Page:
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Michelangelo's Slaves

by Michelangelo Buonarotti.

Titian, Raphael, Leonardo Da Vinci and Michelangelo were the titans of Italian art in the sixteenth century. Their work reveals a sense of simplicity and harmony that makes them true masters.

The Louvre houses two sculptures by Michelangelo. The artist was commissioned to work on the mausoleum of Pope Julius II, but the project was changed several times and Michelangelo left the work unfinished. 40 statues were originally intended for the tomb.

The finished sections of the figures remind us of Michelangelo's desire to reproduce, if not enhance, the beauty of ancient sculptures. The Rebelious Slave writhes as he struggles to free himself. The flexible and sensual form of the dying slave expresses peace and harmony. We can see the use of Contrapposto, how the change of weight on a foot creates a sensation of serenity and movement. It is said that Michelangelo chose to sculpt an allegory inspired by Plato: the human soul is chained to the body as a slave, its earthly prison. Each slave expresses a different emotion to the problem: one slave suffers while the other abandons himself to sensuality. Michelangelo manages to unite the physical and spiritual world in these works.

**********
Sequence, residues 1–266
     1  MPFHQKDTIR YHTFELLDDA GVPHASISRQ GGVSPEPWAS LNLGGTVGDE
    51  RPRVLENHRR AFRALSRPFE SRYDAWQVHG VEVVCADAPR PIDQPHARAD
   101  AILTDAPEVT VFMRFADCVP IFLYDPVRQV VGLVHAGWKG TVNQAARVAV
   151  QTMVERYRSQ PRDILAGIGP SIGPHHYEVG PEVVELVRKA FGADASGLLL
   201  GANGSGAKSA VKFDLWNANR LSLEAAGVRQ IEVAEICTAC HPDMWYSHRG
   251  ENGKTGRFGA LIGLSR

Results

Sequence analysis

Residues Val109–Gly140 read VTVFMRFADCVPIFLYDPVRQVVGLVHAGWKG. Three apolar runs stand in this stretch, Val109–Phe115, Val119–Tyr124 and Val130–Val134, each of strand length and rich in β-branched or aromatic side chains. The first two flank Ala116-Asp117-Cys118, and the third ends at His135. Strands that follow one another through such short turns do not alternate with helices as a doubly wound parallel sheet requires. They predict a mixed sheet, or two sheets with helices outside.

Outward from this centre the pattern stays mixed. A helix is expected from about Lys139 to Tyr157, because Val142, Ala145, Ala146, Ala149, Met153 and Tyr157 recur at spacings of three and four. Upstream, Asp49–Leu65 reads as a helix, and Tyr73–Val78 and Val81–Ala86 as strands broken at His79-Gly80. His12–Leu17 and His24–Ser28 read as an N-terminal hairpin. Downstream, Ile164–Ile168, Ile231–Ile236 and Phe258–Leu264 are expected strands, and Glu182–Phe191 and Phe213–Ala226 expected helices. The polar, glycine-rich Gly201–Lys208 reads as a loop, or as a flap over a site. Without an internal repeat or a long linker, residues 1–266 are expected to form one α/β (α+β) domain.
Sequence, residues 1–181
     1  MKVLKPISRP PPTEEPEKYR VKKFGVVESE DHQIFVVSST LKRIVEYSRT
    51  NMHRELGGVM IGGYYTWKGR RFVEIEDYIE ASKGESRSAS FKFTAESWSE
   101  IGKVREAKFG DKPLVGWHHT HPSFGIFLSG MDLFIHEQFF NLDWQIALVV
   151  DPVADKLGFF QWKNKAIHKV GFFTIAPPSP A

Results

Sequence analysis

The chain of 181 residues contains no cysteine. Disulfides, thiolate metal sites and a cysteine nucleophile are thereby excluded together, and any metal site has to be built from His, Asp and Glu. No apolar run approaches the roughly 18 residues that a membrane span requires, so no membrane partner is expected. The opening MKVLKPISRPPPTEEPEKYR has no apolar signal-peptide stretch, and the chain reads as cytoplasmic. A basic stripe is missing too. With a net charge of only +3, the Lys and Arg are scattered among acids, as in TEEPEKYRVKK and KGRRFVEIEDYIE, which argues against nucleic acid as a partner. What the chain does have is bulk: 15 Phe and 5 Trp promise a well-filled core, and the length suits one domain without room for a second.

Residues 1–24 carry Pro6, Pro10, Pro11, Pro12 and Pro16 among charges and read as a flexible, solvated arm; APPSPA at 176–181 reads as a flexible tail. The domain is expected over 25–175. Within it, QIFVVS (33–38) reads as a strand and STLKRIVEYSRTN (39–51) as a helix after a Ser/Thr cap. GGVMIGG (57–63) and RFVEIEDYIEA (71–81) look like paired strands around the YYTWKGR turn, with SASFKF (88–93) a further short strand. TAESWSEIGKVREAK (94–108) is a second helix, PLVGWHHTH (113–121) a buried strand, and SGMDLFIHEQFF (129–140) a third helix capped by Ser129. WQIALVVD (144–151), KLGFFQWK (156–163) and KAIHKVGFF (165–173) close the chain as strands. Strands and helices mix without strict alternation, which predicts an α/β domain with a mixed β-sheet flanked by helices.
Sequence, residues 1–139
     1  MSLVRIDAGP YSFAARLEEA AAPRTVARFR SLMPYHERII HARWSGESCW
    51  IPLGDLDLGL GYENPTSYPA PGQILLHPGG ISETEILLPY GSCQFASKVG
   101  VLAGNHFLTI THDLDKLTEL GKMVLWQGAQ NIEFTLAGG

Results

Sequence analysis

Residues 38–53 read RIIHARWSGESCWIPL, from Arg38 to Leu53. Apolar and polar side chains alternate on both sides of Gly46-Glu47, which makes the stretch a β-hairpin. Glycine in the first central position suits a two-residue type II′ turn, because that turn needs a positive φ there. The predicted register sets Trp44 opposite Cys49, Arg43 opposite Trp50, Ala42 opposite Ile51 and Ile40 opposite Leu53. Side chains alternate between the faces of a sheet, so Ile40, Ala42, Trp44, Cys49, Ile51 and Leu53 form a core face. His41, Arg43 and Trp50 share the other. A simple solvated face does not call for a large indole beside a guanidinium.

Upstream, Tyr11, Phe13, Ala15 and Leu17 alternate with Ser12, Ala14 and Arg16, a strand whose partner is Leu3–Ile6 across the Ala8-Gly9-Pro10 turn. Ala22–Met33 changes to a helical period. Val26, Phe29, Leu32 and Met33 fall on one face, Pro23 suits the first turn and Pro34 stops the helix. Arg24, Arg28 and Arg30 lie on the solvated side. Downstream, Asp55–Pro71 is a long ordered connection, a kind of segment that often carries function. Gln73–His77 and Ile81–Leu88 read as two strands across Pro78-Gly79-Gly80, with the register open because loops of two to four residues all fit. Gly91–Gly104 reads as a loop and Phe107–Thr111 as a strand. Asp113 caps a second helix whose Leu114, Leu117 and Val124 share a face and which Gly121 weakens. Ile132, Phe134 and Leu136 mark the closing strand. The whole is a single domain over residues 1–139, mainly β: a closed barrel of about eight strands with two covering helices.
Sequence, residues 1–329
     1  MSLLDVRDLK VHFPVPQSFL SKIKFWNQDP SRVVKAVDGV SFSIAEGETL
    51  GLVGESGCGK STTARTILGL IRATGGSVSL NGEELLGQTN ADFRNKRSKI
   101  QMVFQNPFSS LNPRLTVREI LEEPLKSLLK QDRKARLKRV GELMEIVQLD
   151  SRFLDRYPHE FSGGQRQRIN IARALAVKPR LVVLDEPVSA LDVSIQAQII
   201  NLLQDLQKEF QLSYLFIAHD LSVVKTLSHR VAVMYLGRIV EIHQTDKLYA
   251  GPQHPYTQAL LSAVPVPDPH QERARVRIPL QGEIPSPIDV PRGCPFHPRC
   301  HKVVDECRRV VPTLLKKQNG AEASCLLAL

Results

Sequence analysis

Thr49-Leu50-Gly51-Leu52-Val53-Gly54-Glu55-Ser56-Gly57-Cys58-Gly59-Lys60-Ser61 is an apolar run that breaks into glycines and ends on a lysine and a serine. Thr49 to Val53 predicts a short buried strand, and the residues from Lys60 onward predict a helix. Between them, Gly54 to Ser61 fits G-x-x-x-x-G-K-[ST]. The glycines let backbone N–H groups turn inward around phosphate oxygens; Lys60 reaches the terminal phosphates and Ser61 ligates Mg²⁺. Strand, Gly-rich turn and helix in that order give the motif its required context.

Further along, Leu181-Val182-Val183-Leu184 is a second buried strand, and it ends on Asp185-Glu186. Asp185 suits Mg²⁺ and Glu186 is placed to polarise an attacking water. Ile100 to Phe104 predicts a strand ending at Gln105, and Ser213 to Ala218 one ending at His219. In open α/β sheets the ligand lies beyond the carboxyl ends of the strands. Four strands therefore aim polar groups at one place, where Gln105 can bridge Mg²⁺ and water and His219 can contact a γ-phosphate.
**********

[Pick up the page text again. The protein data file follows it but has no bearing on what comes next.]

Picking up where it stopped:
Another interpretation due to its incomplete nature is based on technical methods. Was there a problem with the marble? If you look at the head of the rebellious slave, there is a fine grain that goes through his face. However, it is also important to note that Michelangelo enjoyed leaving features on his work, such as his tool brands. It is a reminder of the investment and effort of the artist, who always considered sculpture as the noblest of the arts. Michelangelo went on to paint the Sistine Chapel of Pope Julius II.

Michelangelo donated the slaves to Roberto Strozzi who later gave them to the King of France, François I. They have only been exhibited in the Louvre since the Revolution.